It can be hard to work through reading issues and the older student. In the mid 90’s the government started focusing catching illiteracy early in kindergarten and grade school.
The focus on early intervention is well-conceived, given the strong evidence that research-based instruction beginning in kindergarten significantly reduces the number of children who experience reading difficulty (National Institute of Child Health and Human Development, 2000).
If children receive instruction in phonological and alphabetic skills and learn to apply that knowledge to decoding words, they are very likely to succeed at reading. Once children fall behind, they seldom catch up, a reason that such states as California, Virginia, and Texas promote early intervention to prevent reading problems. Reading level in 1st grade, moreover, is an astonishingly good predictor of reading achievement into high school (Catts et al., 1999; Cunningham and Stanovich, 1997; Shaywitz et al, 1999; Fletcher et al. 1994). Reading failure begins early, takes root quickly, and affects students for life.
Improvements in reading education in the lower elementary grades, however, are coming too slowly to affect the huge numbers of students beyond third grade who have been the victims of misguided reading instruction and scarce resources. Many people know that about 42 percent of 4th graders score below basic in overall reading skill on the National Assessment of Educational Progress (NAEP). In Washington, D.C., where I am currently studying reading intervention, the proportion of students beyond 3rd grade who cannot read well enough to participate in grade-level work is between 60 and 70 percent, depending on the grade and year of assessment. Too few children can compete in higher education and about half fail to complete high school. In this community, the rate of adult illiteracy — reading below 4th grade level — is 37%, the highest in the nation. Nationally, 25% of all adults are functionally illiterate.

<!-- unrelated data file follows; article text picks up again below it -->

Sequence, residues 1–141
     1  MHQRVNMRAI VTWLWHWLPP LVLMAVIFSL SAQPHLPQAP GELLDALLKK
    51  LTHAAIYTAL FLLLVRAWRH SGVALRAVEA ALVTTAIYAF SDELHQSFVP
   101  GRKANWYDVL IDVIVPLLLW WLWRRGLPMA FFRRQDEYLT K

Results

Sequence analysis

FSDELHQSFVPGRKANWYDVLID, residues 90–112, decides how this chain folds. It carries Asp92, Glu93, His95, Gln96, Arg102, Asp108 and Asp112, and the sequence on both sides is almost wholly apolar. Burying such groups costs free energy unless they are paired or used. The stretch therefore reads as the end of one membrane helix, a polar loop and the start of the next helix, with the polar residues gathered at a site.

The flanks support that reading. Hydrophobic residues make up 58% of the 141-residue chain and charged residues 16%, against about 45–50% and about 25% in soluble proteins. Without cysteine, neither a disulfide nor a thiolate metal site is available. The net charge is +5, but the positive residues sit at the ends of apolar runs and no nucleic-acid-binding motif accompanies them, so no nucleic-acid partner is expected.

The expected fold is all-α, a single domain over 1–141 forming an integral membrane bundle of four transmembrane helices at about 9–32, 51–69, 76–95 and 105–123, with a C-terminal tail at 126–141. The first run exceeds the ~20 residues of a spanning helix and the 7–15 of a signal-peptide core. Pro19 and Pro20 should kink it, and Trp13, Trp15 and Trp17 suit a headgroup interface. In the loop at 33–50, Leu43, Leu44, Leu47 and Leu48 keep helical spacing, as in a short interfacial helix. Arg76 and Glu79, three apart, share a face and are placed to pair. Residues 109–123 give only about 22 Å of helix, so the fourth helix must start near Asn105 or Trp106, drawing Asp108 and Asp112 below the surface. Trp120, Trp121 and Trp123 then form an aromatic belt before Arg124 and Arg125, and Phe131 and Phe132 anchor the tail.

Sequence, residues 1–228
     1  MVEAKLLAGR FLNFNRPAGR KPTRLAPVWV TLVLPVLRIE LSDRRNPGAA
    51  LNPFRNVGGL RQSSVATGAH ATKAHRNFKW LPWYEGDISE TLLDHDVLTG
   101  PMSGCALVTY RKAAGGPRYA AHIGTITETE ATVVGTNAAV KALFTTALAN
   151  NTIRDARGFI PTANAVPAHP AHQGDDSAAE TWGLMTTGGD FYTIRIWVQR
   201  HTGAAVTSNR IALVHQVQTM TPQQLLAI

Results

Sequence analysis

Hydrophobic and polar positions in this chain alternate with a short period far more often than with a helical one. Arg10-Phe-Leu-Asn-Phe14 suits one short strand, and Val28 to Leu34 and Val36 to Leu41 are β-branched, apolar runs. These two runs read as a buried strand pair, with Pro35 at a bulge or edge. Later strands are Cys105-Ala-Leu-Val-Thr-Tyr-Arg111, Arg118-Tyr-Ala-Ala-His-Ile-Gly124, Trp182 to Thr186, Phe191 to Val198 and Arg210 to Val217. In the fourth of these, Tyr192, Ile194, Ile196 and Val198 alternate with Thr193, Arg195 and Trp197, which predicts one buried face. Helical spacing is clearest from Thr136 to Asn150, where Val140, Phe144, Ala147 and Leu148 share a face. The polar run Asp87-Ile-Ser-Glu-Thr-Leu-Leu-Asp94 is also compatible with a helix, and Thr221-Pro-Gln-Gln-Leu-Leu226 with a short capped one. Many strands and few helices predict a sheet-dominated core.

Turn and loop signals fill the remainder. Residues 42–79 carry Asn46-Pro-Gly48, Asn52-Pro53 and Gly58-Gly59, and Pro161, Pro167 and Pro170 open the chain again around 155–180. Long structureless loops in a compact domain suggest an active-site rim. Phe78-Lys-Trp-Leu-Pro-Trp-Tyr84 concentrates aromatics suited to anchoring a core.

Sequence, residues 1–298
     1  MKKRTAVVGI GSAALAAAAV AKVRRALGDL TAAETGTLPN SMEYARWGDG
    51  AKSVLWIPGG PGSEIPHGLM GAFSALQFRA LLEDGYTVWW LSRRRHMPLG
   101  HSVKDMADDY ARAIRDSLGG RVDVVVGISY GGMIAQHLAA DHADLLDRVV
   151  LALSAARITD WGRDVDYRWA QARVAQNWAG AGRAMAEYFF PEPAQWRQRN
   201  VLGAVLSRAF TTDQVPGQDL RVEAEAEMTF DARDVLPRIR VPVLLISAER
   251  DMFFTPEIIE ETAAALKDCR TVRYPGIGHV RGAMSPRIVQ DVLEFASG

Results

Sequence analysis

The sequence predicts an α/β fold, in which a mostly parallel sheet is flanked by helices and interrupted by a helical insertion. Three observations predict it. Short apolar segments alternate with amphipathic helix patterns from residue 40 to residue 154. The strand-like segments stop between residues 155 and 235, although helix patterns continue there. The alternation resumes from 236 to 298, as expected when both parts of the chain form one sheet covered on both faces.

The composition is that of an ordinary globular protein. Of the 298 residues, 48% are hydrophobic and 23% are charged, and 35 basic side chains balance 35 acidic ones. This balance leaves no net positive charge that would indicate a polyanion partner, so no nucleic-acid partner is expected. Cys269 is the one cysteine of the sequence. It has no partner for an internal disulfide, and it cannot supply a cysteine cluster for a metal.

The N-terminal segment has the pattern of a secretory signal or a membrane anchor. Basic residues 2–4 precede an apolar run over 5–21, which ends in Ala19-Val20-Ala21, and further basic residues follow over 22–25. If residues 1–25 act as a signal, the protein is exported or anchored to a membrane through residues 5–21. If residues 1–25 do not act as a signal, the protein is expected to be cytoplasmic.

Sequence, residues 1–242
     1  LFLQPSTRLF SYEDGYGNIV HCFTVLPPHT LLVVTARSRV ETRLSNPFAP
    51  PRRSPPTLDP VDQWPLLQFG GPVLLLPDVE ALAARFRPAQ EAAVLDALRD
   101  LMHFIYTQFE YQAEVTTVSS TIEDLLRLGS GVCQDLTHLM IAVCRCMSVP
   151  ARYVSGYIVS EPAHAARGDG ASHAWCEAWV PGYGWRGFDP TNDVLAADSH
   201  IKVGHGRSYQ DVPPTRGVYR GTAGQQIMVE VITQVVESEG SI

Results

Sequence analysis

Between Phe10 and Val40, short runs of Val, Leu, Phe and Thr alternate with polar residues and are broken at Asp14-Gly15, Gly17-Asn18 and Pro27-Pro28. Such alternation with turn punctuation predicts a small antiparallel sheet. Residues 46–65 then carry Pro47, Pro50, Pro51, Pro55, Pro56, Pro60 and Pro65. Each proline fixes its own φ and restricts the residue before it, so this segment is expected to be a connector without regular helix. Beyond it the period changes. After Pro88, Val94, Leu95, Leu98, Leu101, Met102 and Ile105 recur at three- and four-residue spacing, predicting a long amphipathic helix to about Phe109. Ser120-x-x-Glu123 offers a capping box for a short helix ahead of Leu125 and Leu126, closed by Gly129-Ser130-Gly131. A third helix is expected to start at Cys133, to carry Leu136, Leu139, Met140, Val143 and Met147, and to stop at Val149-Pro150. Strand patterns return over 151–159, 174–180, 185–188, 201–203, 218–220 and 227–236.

The older struggling reader
What can be done?
Plenty, if we are committed to applying best practices supported by reading research. Converging evidence from psychological studies of reading explains the nuts and bolts of learning to read at any age and in any alphabetic language ( Lyon, 1998). Most reading scientists agree that a core linguistic deficit underlies poor reading at all ages (Catts et al., 1999; Shaywitz et al., 1999). At any age, poor readers as a group exhibit weaknesses in phonological processing and word recognition speed and accuracy, as do younger poor readers (Stanovich & Siegel, 1994; Shankweiler et al., 1995). At any age, when an individual’s reading comprehension is more impaired than his or her listening comprehension, inaccurate and slow word recognition is the most likely cause (Shankweiler et al., 1999).
To complicate matters, the older student has not practiced reading and avoids reading because reading is taxing, slow, and frustrating (Ackerman & Dyckman, 1996; Cunningham & Stanovich, 1997). Therein lies the most challenging aspect of teaching older students: they cannot read so they do not like to read; reading is labored and unsatisfying so they have little reading experience; and, because they have not read much, they are not familiar with the vocabulary, sentence structure, text organization and concepts of academic “book” language. Over time, their comprehension skills decline because they do not read, and they also become poor spellers and poor writers. What usually begins as a core phonological and word recognition deficit, often associated with other language weaknesses, becomes a diffuse, debilitating problem with language — spoken and written.